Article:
The Clock and Address Monitor

A computer needs a clock circuit. This is just a simple pulse, that acts like a metronome for a musician: for each ‘tick’, the processor performs the next item in its sequence. Instructions may take one or more ticks to execute.

At some point in the future, I’ll be seeing how fast I can run my computer … but for now, I want it to run nice and slowly, so I can see that it’s doing what I expect. So I’m going to run the clock at 1 Hertz – that’s one tick per second.

For now, I’m using an Arduino as the clock generator. Partly because I have ideas about being able to adjust the speed of the clock, go into single-step mode, and so on, and an Arduino would be a nice way to do it. But also because I’m using the Arduino as an address monitor – it reads the status of the sixteen address lines, turns it into hexadecimal, and displays it on a 4×7-segment display I picked up on eBay. By seeing the addresses tick over at 1Hz, I’ll be able to verify that my program is executing.

The Program

The source looks like this. Assembled at &8000 and then written to an EEPROM using my DIY EEPROM programmer. As you can see, it’s just a trivial program – a few “do nothing” instructions, followed by a jump back to the start.

ORG &8000
    equs "This 16K isn't being used yet. Just placeholder for now."

ORG &C000
.start_here
    nop
    nop
    nop
    nop
    jmp start_here

ORG &FFFA
    equw start_here ; NMI address (not used at the moment)
    equw start_here ; RESET address
    equw start_here ; IRQ address (not used at the moment)

My assembler of choice is Rich Talbot-Watkins’ excellent beebasm.

Reset Circuit

The CPU needs to be forcibly reset on power up, otherwise it tends to start in an indeterminate state and behaves unpredictably. Computers that use the 6502 have a circuit in them that forces the computer to reset on power-up (the BBC Micro does it with a 555 timer). For now, I’m not going to bother with one of those … that’s why I fitted the reset pushbutton to the backplane. Reset action will be triggered with a Mk. 1 finger.

The Results

First iteration of my computer. (Click to see a bigger image.)

First iteration of my computer. (Click to see a bigger image.)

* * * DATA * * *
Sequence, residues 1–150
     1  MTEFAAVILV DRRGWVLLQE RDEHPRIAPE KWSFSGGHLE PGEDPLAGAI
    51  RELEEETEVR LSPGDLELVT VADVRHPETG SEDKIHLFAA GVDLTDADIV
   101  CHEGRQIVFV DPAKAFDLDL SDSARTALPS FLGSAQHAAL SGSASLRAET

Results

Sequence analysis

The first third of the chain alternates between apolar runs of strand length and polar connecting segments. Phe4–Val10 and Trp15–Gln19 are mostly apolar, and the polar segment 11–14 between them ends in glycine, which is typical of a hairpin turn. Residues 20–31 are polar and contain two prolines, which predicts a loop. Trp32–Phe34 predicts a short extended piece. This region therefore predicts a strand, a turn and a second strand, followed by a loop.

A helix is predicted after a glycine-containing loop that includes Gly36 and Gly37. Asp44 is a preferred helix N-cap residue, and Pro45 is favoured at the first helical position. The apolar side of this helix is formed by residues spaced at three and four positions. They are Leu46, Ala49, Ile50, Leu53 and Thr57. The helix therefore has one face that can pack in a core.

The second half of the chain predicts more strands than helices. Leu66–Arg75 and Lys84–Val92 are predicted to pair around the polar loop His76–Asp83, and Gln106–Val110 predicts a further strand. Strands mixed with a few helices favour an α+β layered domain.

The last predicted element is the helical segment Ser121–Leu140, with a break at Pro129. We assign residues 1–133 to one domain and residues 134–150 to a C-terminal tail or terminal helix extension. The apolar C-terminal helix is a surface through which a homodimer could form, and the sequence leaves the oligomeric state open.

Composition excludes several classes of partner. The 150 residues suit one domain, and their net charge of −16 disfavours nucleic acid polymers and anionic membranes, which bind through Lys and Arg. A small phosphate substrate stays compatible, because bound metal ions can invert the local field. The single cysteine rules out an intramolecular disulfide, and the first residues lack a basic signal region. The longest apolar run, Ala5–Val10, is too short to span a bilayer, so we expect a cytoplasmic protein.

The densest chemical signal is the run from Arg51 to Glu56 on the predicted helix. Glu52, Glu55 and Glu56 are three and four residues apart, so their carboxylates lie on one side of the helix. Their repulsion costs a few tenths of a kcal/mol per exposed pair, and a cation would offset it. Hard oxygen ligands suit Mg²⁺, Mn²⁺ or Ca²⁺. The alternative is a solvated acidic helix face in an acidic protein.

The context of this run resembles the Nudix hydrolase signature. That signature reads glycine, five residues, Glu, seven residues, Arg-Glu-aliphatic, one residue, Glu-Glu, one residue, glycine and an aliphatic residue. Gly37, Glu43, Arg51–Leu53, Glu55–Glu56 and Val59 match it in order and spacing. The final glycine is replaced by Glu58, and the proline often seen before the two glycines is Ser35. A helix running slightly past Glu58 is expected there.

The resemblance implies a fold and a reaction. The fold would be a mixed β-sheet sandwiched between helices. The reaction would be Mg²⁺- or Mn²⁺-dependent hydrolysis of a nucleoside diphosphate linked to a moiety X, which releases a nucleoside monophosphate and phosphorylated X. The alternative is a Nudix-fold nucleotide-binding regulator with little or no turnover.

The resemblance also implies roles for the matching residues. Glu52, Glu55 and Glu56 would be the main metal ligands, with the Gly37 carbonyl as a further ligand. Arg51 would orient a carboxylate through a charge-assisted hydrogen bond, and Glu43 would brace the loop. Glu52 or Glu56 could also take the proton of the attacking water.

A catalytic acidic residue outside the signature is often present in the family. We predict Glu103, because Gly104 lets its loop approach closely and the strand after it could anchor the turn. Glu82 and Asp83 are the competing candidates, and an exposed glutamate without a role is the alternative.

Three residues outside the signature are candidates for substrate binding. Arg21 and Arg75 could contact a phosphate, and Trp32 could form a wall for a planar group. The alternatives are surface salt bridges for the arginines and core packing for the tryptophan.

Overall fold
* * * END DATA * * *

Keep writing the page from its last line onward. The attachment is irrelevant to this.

And here it is – the first iteration of my computer! The jumble of white wires are the sixteen address lines going to the Arduino, which is on the left (cable being held-down with my keyboard). The stripboard CPU board is visible at the back, and the small breadboard on the right has a 74LS00 on it, acting as the address decoder.

I set up my digital SLR on a tripod, and took a photo for each second the address monitor updates. What you’re seeing is (after I reset the CPU) a few cycles of unpredictable addresses while the 6502 initialises (&01FC, &01FB, &01FA) followed by the two addresses where the CPU reads the start address (&FFFC, &FFFD) and then the addresses it follows as my program runs (&C000 to &C006).

The addresses as they appear after the 6502 has been reset.

The addresses as they appear after the 6502 has been reset.

It’s also interesting that the frame moves a bit between some shots, even though I’ve put the camera on a tripod – my fat fingers pressing the shutter release is enough to move the camera just enough to be irritating. Clearly those remote triggers are worth buying!

It’s worth mentioning that the first 6502 in my spares box didn’t work with this circuit, but a later revision (a 65C02) did. Apparently earlier processors had a minimum clock speed they need to run at (a few kHz) or they behave unpredictably. But the 65C02 seems to be able to single-step. The recommended way to run it is to keep the clock pin in its high state while you’re waiting.

So there we are! My first, pointless computer; doing what is barely even “Hello World”. It has no RAM, nothing to interact with, and nothing to control. But it is working, and it gives me something to build on.

[Part 0] [Part 1] [Part 3] [Part 4] [Part 5] [Part 6] [Part 7] [Part 8] [Part 9] [Part 10] [Part 11] [Part 12] [Part 13] [Part 14] [Part 15]